Hi, I have just joined HRs and this is my first post. I found your club when I was searching for long distance running after a hip op. I had my first hip resurfaced in June 2017, and my second was done in January 2020.  So many people out there who want to continue to be active after hip surgery -who knew!

I like to run triathlons, and have been since 1987. I was able to complete my first tri after my first op in November 2019, unfortunately that was the end of my other hip. Rather than wait around in pain for another 5 years, I got the right hip resurfaced straight away. I have since retired (thanks CV19!) and with all this new found time I am training for a full Ironman for June 2021. My surgeon said, sure, no problem, that’s why we did hip resurfacing rather than THR.

The problem is my hips still really really hurt when I run, and I am hoping to learn from the experiences of the people in this select club what is normal, what is not? Is it too soon? It looks like there are a lot of people who run long distances, and I would very much like to know how long  it took to get up to speed for a full marathon. I see there is even an ultra-runner who has done a 100miles on his, so I am encouraged it can be done. But how??  The only way I can manage to run at the moment is to keep it slow, really slow (7.5 min per km /12 min per mile). I have managed 12km this way. The minute I go above this pace, ouch.

I have been running since about August (my second hip seemed to take a lot longer to heal), its nearly Christmas now, and June next year suddenly doesn’t seem very far away. I wouldn’t say I’m panicking, but I have just signed up a triathlon coach in Australia (I am Australian, living/  locked-down in Malaysia), and I’m hoping that he can get me to the finish line in a respectable time, but he hasn’t had his hip(s) replaced, a mandatory requirement to give proper advice I believe. I do not want to be out there doing 6 hour marathons at the end of a 15 hour day, so if there are any ‘coaching tips for wannabe Ironman runners with titanium hips’, I would love to hear them.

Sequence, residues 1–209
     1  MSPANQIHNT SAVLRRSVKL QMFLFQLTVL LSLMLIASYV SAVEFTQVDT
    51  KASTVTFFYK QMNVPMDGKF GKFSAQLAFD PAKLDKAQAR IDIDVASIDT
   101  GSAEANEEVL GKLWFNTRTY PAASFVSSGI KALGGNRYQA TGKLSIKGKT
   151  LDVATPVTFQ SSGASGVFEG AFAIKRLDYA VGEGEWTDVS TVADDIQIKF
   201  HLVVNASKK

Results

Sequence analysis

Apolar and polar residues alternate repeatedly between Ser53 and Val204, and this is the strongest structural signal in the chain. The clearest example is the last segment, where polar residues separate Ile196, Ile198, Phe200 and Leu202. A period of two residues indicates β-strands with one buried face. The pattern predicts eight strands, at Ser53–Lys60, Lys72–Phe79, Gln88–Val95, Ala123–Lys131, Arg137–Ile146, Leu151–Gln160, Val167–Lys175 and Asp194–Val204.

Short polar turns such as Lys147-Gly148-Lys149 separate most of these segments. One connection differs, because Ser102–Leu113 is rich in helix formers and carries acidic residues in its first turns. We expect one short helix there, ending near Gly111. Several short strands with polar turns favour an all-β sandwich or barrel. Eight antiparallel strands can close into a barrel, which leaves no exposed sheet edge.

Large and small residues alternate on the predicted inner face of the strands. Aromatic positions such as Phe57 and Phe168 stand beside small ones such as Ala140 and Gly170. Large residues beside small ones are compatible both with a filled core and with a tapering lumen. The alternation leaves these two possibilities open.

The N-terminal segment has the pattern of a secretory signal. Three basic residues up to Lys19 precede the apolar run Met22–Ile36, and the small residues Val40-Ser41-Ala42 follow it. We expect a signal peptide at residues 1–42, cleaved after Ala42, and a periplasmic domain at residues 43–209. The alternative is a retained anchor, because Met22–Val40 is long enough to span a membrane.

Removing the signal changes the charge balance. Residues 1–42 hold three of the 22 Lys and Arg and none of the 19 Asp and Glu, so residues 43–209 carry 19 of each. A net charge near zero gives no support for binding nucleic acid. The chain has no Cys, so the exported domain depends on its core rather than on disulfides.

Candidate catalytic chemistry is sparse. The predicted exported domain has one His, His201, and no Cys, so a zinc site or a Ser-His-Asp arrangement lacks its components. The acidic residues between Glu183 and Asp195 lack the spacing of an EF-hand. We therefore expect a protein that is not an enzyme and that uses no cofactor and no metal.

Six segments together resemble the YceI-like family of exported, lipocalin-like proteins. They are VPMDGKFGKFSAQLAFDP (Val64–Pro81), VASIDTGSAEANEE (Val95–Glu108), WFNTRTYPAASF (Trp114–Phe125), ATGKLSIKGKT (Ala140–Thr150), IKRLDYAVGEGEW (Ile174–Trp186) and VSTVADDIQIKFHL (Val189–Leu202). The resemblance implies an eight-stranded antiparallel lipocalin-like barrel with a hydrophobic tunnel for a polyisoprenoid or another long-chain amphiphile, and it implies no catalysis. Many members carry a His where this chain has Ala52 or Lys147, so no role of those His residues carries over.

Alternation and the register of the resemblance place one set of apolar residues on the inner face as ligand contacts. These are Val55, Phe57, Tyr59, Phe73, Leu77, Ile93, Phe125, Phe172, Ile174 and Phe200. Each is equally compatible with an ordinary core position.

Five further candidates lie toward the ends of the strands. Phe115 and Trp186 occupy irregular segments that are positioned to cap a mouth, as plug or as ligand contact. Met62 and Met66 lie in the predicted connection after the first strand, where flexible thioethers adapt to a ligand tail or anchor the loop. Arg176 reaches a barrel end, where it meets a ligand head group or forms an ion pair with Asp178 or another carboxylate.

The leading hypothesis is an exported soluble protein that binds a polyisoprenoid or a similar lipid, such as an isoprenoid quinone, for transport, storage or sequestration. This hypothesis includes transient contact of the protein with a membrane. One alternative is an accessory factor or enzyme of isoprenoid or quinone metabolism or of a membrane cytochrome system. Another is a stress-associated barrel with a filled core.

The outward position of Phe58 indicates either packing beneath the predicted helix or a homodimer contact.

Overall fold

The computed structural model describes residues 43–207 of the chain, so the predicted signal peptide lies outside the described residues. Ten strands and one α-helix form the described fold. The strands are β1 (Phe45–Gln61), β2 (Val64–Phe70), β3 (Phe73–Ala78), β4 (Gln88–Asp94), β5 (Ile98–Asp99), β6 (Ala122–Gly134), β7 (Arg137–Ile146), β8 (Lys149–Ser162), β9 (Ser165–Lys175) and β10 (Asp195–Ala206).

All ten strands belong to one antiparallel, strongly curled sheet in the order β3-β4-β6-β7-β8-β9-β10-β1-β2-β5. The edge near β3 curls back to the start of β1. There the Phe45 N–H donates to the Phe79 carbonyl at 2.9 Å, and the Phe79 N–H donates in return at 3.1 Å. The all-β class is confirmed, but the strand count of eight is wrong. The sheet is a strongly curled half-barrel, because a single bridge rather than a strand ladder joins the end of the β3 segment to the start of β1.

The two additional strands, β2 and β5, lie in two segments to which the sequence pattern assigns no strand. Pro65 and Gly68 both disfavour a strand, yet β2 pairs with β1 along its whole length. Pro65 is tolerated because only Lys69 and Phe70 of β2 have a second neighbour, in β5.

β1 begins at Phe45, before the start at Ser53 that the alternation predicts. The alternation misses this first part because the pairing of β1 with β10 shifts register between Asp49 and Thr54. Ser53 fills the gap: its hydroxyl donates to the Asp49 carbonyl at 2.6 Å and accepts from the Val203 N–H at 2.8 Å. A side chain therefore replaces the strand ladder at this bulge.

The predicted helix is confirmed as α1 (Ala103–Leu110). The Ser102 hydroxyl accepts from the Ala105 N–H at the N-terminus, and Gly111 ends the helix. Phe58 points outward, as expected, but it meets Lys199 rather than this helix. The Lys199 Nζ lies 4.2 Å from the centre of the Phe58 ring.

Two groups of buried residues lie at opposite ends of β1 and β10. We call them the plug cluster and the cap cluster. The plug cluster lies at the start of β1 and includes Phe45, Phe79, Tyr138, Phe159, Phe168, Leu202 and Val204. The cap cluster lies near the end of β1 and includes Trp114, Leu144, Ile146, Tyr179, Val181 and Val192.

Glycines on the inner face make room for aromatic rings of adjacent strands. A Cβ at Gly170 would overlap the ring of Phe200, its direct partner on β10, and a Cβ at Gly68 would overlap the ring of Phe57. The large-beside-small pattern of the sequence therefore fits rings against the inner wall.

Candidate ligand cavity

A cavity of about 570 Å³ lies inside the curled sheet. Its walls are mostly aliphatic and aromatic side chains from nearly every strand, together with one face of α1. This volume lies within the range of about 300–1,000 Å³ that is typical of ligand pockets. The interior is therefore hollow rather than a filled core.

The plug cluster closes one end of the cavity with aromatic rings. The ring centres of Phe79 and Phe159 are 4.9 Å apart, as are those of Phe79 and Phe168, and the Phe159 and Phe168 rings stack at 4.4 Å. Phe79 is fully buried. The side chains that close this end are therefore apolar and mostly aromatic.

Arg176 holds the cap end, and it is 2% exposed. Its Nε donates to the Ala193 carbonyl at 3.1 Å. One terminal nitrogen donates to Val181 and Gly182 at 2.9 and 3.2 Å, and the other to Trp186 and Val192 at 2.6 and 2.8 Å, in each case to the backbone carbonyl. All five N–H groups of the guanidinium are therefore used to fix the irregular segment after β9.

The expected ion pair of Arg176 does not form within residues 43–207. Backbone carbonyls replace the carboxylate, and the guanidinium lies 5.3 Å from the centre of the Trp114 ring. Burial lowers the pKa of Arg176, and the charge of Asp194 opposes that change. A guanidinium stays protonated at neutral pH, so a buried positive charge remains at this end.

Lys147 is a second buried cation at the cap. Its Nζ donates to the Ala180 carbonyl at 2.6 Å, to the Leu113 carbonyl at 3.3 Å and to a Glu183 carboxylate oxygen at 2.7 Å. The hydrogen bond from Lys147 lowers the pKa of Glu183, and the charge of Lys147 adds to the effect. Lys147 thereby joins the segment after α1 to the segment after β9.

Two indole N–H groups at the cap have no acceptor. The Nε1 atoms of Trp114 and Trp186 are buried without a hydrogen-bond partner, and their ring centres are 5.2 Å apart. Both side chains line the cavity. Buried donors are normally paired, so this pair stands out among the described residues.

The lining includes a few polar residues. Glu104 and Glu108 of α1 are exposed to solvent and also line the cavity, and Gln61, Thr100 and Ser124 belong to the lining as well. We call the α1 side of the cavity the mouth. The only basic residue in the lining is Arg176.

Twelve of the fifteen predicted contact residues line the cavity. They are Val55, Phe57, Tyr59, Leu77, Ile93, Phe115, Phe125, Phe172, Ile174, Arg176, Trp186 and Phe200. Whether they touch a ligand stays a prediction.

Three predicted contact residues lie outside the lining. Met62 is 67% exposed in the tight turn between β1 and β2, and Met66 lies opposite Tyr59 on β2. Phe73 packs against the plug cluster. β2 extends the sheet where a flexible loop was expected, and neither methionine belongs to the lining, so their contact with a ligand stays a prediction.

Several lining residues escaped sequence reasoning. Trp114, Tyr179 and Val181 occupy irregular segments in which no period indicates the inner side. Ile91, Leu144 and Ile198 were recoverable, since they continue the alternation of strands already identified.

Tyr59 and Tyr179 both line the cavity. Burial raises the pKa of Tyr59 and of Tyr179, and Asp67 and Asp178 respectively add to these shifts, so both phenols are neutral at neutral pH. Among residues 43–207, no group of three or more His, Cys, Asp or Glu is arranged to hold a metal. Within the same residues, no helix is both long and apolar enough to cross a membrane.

I look forward to many words of wisdom.

Graeme

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    • #19101
      Graeme
      Participant

      Hi, I have just joined HRs and this is my first post. I found your club when I was searching for long distance running after a hip op. I had my first
      [See the full post at: ]

    • #19102
      Wizzzard
      Participant

      Hi Graeme, iam double hippie THR, first one October 2016 and second Sep-17.2019 i run 31 ultra/marathons and this year i have run 26 so far, reach my goal two month ago, member to club 100 maraton Sweden so over 70 ultra/maraton with THR. I run
      Marathons often in 4-5 hours. 2017 i run Budapest maraton only 38 days after my THR. My rehab was only walking swimming and cykling,never in The gym.

      Mvh

    • #19526
      Runner
      Participant

      Graeme,

      I have not been on here for months. I am 71 years old and a decent, not great runner, with 12 marathons (Boston, Chicago…), 24 half marathons, and a number of 10ks and other race distances. I had my left hip resurfaced in July 2020 and my surgeon, Dr. Gross told me that I was free to do anything after six months. So, I have been weight lifting (including for hips and legs) and running on a treadmill since January 2021. I have run on the road but the foots strikes feel too “tight” so I have returned to the treadmill. I run 8.5 minutes/mile for perhaps 1/4 mile and 10-12 m8 Yates a mile for linger distances and it has been good. A week ago I ran a sustained 3 miles at 11 minutes a mile pace and it has been really sore (especially in the front of the hip) for a week. I ceased running and rested the hip but continued to walk and do other exercises that didn’t aggravate the hip for the following days. It seems to be improving but I guess I’ll see how it goes.

      I don’t have any answers but when I read your post it sounded a bit like my issue. I’ve read that some surgeons suggest not running till 9 months post-op on a treadmill and on pavement at 12 months post-op. I think each of us is a bit different. I plan to talk to my surgeon in a few weeks, report on my status and see if he has any suggestions. I suspect it may take several more months before I can run pain free at a decent pace for distance. In the mean time I’ll try not to push as hard, mixing walking with jogs and sprints on the treadmill.

      Regardless, let me know how you are doing and if you have any advice.

      Runner (John)

      • This reply was modified 3 years ago by Runner.
    • #19528
      Runner
      Participant

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